TALLAHASSEE, Fla. – A Senate panel Monday moved forward with a bill that could require insurance companies to sell policies to people with pre-existing conditions, along the lines of the federal health-care law commonly referred to as Obamacare.
The Senate Health Policy Committee unanimously approved the bill (SB 322), which would require insurers and health maintenance organizations to offer at least one comprehensive major medical policy or contract that does not exclude, limit, deny or delay coverage because of pre-existing conditions.
If passed by the Legislature, the requirement would take effect if Obamacare -- the federal Affordable Care Act -- is repealed by Congress or struck down by the United States Supreme Court.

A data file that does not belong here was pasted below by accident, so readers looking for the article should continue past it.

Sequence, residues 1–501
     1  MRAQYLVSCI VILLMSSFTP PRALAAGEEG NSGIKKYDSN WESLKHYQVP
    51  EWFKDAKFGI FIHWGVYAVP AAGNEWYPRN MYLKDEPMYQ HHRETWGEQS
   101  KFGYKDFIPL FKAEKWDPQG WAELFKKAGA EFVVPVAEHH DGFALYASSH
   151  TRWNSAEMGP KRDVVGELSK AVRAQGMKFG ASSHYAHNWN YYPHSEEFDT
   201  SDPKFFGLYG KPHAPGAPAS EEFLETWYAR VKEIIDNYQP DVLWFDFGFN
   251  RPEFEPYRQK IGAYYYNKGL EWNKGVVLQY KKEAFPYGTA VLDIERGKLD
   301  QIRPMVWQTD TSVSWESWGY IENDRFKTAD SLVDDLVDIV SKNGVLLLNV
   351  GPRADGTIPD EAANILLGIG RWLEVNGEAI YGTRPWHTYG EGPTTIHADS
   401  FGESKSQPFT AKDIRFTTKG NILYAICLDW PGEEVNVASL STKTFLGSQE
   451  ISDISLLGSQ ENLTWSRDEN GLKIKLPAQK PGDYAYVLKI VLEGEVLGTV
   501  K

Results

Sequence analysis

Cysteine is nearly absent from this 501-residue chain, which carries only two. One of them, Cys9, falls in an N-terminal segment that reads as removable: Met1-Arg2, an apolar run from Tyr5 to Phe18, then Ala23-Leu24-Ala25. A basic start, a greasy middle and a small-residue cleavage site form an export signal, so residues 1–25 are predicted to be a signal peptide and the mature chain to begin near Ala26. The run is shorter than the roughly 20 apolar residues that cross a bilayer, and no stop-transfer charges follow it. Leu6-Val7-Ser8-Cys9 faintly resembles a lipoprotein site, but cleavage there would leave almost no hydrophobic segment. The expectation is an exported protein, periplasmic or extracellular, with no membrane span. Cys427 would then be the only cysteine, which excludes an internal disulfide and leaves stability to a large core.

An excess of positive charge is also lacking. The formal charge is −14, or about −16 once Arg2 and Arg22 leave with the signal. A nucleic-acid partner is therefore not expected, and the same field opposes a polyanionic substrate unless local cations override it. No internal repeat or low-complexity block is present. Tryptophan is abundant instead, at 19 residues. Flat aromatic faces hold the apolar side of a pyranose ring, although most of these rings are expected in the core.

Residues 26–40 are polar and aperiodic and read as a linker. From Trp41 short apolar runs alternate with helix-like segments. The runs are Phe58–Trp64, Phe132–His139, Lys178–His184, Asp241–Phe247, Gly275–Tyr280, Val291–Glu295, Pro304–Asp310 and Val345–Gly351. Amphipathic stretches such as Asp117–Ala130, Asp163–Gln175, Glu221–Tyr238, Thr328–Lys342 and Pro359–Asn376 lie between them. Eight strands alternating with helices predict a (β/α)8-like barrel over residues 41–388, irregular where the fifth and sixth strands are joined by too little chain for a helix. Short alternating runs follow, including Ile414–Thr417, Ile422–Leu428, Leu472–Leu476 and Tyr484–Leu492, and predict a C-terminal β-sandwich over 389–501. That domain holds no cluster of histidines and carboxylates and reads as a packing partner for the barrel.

Sen. Janet Cruz, D-Tampa, said it is important to protect people with pre-existing conditions. But she asked bill sponsor Wilton Simpson, R-Trilby, what, if anything, the measure would do to ensure the policies are affordable for consumers.
“I am worried about them being priced out of the ability to pay,” she said.
Simpson told her that he had another bill (SB 418) that addresses the costs of policies and that he hopes the committee will also approve it during the legislative session that starts Tuesday.
Coverage for people with pre-existing conditions was an issue that Florida Democrats tried to use at the polls last year.
A U.S. Department of Health and Human Services analysis shows that between 61 million and 133 million Americans have pre-existing conditions, depending on how the term is defined.